Forsaken prop.n inn east of Bree in Tolkien: The Lord of the Rings LRC
  hegemony n preponderant influence/authority AHD/W7
  presage n omen, something that portends/foreshadows future event AHD/W7
  ramshackle adj rickety, poorly constructed, near disintegration AHD
  ransack vb.trans to search thoroughly AHD/W7
  sagacious adj keen in sense perception AHD/W7
  sake n end, purpose AHD/W7
  seek, sought vb to look/search for, try to find AHD/OED
  soke n jurisdiction over people/territory AHD/W7
Old Frisian: sake/seke n sake, cause, ground, reason ASD
  sēka vb to seek ASD
Old Saxon: saka n sake, cause, ground, reason ASD
  sakan vb to blame, rebuke ASD
  sōkian vb to seek ASD
Old Low German: saca n sake, cause, ground, reason ASD
  suocan vb to seek ASD
Old High German: sahha n sake, suit, cause, ground, reason ASD
  sahhan vb to blame, rebuke, dispute ASD
  sōhni n search, inquiry ASD
  suohhan/suohhen vb to seek RPN/W7
German: Sache n.fem sake, cause, object LRC
  suchen vb to seek LRC
Old Norse: rannsaka vb to ransack, plunder W7
  -saka vb.sfx to seek W7
  sætt n.fem reconciliation LRC
  sætta vb to reconcile LRC
  sǫk n.fem sake, cause, reason; lawsuit, dispute LRC
  sœkja vb to seek, fetch; visit; proceed LRC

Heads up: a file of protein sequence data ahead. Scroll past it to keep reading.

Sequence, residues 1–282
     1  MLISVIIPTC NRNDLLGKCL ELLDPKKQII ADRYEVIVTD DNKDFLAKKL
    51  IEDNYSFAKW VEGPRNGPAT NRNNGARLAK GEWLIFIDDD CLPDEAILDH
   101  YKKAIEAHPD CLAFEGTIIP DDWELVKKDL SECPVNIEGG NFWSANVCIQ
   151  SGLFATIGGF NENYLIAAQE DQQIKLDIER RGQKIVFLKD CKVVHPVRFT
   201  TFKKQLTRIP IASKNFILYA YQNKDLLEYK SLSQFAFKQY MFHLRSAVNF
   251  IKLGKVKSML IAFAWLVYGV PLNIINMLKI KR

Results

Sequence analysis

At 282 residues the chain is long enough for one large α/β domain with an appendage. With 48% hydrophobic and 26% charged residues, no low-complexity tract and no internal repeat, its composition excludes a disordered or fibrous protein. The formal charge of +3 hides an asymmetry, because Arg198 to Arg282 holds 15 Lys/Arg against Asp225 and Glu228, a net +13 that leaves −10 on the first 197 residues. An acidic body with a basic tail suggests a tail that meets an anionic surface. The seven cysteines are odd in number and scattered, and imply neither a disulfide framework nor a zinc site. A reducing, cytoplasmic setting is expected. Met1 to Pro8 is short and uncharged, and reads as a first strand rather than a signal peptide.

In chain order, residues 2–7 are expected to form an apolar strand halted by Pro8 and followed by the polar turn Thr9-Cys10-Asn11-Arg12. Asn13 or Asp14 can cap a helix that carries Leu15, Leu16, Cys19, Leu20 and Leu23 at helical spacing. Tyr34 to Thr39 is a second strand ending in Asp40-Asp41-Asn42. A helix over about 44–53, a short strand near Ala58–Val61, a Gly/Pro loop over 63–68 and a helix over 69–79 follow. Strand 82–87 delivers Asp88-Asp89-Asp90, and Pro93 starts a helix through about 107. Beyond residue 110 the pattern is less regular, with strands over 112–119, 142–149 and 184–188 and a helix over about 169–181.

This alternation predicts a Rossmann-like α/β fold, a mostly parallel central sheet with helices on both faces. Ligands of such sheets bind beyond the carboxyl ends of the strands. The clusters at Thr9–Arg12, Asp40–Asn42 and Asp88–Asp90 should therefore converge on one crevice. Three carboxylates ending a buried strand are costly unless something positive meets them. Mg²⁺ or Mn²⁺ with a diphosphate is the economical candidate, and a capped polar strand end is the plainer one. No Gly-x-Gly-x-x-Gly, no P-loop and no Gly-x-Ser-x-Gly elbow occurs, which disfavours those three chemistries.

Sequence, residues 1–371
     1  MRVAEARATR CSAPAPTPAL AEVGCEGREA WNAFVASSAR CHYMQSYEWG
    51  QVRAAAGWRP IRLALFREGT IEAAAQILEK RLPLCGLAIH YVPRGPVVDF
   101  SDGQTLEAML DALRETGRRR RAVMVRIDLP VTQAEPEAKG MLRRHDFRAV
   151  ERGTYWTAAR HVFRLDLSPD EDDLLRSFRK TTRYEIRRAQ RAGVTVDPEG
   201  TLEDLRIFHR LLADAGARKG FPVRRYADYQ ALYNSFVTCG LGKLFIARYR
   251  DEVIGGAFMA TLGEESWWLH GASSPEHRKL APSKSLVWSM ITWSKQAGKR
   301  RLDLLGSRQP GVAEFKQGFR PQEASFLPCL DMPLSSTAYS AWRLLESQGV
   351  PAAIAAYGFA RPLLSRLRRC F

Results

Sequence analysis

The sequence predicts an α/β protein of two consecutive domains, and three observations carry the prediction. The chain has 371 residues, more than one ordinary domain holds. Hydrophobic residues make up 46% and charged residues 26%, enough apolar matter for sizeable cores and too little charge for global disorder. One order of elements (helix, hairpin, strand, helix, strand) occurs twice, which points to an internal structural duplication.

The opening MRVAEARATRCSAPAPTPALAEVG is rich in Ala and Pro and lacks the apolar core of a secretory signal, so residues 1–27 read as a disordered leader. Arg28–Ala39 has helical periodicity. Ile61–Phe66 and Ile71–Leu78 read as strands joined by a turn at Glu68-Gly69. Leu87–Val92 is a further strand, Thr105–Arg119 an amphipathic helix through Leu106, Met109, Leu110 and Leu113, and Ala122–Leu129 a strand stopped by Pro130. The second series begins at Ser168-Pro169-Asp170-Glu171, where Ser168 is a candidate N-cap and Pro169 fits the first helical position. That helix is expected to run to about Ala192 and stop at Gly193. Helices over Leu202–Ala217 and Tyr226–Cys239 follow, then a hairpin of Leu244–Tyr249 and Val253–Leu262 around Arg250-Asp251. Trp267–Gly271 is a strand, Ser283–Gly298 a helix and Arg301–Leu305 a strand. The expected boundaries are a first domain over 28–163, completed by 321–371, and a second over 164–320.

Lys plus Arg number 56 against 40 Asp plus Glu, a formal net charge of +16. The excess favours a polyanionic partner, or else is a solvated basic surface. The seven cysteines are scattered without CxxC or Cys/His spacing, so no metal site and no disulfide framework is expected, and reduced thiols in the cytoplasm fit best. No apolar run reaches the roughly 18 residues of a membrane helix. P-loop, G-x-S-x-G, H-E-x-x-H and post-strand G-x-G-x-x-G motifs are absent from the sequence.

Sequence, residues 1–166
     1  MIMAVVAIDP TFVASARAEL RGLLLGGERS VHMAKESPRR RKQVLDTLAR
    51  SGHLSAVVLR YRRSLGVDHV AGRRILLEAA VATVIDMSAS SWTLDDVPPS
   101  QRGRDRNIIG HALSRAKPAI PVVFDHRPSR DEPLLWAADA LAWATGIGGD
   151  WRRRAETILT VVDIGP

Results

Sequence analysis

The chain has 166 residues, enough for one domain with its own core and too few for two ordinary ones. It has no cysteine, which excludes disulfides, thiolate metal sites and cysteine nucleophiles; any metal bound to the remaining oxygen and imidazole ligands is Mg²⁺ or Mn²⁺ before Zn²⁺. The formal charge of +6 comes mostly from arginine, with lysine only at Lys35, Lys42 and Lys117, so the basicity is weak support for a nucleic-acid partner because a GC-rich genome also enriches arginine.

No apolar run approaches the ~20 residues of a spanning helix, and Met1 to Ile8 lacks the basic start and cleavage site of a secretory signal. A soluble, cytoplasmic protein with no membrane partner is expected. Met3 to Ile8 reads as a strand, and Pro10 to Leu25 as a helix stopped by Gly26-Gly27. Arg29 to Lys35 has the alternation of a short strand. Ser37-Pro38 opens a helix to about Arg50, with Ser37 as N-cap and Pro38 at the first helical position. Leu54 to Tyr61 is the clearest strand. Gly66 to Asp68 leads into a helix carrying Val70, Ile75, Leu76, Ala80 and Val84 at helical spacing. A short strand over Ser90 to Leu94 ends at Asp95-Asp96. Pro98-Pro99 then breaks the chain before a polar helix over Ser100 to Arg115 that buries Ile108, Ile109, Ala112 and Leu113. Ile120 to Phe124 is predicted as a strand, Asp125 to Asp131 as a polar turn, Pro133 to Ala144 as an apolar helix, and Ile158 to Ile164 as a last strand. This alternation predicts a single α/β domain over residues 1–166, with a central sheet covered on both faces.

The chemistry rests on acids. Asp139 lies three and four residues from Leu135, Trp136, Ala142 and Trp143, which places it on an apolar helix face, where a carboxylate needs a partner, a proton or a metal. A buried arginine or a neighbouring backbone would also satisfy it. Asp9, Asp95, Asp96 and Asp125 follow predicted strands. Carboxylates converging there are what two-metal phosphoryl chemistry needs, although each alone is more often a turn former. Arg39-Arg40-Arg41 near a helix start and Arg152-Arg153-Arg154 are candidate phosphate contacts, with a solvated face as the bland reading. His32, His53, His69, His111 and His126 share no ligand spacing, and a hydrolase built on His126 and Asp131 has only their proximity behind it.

Icelandic: saka vb.wk to fight, blame, accuse ASD
  sókn n attack, prosecution; parish, assemblage of people ASD
Gothic: gasakan vb.str.VI to rebuke, reprove LRC
  sakan vb to strive, rebuke ASD
  sakjō n strife ASD
  sōkareis n investigator, disputer RPN
  sōkeins n investigation RPN
  sōkjan vb to seek, desire; dispute RPN
  sōkns n search, inquiry RPN
Latin: praesagio, praesagīre vb to forebode W7
  praesagium n.neut omen W7
  sāga n wise woman, fortune-teller RPN
  sāgax, sāgacis adj keen, sagacious LRC
  sāgio, sāgire vb to feel keenly, perceive quickly RPN
  sāgus adj prophetic RPN
Medieval Latin: soca n.fem inquiry, jurisdiction W7
New Latin: exegesis n.fem exegesis, interpretation W7
Greek: exēgeisthai vb to explain, interpret W7
  exēgēsis n.fem exegesis W7
  hēgeisthai vb to lead W7
  ἡγεμονεύω vb to govern LRC
  hēgemonia n.fem leadership of one W7
  ἡγεμών n.masc leader LRC
  hēgemōn n.masc leader W7
  ἡγέομαι vb.dep to lead, rule, regard LRC
  hēdeisthai vb to know W7
Hittite: šagaiš n sign, omen RPN
  šākiya- vb to declare, give a sign RPN


Key to Part-of-Speech/Grammatical feature abbreviations:

Abbrev. Meaning
I=class 1
VI=class 6
fem=feminine (gender)
masc=masculine (gender)
neut=neuter (gender)
str=strong (inflection)
wk=weak (inflection)

Key to information Source codes (always with 'LRC' as editor):

Code Citation
AHD=Calvert Watkins: The American Heritage Dictionary of Indo-European Roots, 2nd ed. (2000)
ASD=Joseph Bosworth and T. Northcote Toller: An Anglo-Saxon Dictionary (1898)
LRC=Linguistics Research Center, University of Texas, Austin
OED=James A.H. Murray et al: The Oxford English Dictionary (1933)
RPN=Allan R. Bomhard: Reconstructing Proto-Nostratic (2002)
W7=Webster's Seventh New Collegiate Dictionary (1963)

Nearby etyma:    previous   |   next